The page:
Int. Arch. Photogramm. Remote Sens. Spatial Inf. Sci., XLII-2/W3, 267-274, 2017
© Author(s) 2017. This work is distributed under
the Creative Commons Attribution 3.0 License.
23 Feb 2017
P. Drap1, O. Papini1, E. Pruno2, M. Nucciotti2, and G. Vannini2 1Aix-Marseille Universite, CNRS, ENSAM, Universite De Toulon, LSIS UMR 7296, Domaine Universitaire de Saint-Jerome, Batiment Polytech, Avenue Escadrille Normandie-Niemen, 13397, Marseille, France
2University of Florence, SAGAS Department, Italy
Keywords: Medieval Archaeology, Harris Matrix, Close-Range Photogrammetry- Ontology, Time representation Abstract. The paper presents some reflexions concerning an interdisciplinary project between Medieval Archaeologists from the University of Florence (Italy) and ICT researchers from CNRS LSIS of Marseille (France), aiming towards a connection between 3D spatial representation and archaeological knowledge. It is well known that Laser Scanner, Photogrammetry and Computer Vision are very attractive tools for archaeologists, although the integration of representation of space and representation of archaeological time has not yet found a methodological standard of reference. We try to develop an integrated system for archaeological 3D survey and all other types of archaeological data and knowledge through integrating observable (material) and non-graphic (interpretive) data. Survey plays a central role, since it is both a metric representation of the archaeological site and, to a wider extent, an interpretation of it (being also a common basis for communication between the 2 teams). More specifically 3D survey is crucial, allowing archaeologists to connect actual spatial assets to the stratigraphic formation processes (i.e. to the archaeological time) and to translate spatial observations into historical interpretation of the site.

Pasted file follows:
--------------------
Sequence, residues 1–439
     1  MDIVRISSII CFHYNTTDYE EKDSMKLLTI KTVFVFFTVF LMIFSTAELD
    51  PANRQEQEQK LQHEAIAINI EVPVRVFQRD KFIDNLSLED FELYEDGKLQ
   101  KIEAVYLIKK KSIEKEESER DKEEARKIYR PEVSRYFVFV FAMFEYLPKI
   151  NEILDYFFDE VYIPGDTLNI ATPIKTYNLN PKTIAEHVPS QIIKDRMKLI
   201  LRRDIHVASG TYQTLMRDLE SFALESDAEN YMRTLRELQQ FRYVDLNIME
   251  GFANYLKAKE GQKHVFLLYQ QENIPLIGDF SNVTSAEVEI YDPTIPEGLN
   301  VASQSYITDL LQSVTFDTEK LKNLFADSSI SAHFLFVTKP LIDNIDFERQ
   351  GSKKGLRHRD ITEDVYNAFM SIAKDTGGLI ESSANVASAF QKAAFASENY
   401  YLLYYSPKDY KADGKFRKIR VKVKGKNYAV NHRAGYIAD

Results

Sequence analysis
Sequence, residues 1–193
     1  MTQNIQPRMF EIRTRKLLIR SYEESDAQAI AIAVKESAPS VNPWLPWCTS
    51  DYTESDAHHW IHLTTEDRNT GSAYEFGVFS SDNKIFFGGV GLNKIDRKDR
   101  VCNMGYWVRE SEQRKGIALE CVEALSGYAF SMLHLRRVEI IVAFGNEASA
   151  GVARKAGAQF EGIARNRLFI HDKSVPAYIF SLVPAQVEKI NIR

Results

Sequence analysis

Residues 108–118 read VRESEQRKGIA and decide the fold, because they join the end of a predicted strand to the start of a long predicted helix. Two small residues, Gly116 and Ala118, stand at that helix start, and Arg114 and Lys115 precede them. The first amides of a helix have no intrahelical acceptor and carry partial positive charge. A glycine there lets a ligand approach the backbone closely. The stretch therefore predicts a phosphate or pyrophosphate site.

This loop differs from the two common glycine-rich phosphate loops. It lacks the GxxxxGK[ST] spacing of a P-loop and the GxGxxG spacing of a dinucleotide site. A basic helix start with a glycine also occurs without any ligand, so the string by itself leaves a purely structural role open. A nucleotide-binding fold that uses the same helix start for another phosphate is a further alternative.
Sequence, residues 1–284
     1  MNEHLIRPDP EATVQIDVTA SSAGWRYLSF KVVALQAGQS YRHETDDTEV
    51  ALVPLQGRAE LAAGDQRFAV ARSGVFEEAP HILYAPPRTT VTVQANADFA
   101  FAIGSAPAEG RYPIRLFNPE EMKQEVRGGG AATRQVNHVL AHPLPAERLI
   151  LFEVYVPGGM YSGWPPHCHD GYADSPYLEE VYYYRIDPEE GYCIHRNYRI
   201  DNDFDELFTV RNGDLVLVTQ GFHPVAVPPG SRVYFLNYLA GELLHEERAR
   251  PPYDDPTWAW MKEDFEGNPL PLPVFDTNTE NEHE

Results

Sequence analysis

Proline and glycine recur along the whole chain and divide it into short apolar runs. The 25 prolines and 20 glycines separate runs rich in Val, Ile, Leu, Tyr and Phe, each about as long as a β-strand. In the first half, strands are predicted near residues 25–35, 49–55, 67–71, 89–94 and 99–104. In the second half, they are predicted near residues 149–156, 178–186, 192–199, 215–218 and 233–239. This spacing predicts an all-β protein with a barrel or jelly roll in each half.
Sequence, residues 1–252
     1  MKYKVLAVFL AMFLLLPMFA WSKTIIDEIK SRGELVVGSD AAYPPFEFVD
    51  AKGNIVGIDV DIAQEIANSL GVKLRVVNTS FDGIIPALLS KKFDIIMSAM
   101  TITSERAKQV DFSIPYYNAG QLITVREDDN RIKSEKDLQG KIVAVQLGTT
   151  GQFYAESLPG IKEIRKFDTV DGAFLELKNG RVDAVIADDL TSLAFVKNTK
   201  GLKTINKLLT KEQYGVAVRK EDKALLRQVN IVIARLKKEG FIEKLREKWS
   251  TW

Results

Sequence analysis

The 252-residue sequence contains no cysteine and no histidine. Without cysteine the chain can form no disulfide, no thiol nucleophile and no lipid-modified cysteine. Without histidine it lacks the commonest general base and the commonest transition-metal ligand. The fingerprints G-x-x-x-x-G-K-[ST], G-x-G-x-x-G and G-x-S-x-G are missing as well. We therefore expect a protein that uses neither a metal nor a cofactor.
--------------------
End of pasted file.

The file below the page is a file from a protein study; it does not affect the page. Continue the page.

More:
We propose a common formalism for describing photogrammetrical survey and archaeological knowledge stemming from ontologies: Indeed, ontologies are fully used to model and store 3D data and archaeological knowledge. Xe equip this formalism with a qualitative representation of time. Stratigraphic analyses (both of excavated deposits and of upstanding structures) are closely related to E. C. Harris theory of “Stratigraphic Unit” (“US” from now on). Every US is connected to the others by geometric, topological and, eventually, temporal links, and are recorded by the 3D photogrammetric survey. However, the limitations of the Harris Matrix approach lead to use another representation formalism for stratigraphic relationships, namely Qualitative Constraints Networks (QCN) successfully used in the domain of knowledge representation and reasoning in artificial intelligence for representing temporal relations.

Conference paper (PDF, 2066 KB)

Citation: Drap, P., Papini, O., Pruno, E., Nucciotti, M., and Vannini, G.: SURVEYING MEDIEVAL ARCHAEOLOGY: A NEW FORM FOR HARRIS PARADIGM LINKING PHOTOGRAMMETRY AND TEMPORAL RELATIONS, Int. Arch. Photogramm. Remote Sens. Spatial Inf. Sci., XLII-2/W3, 267-274,, 2017.

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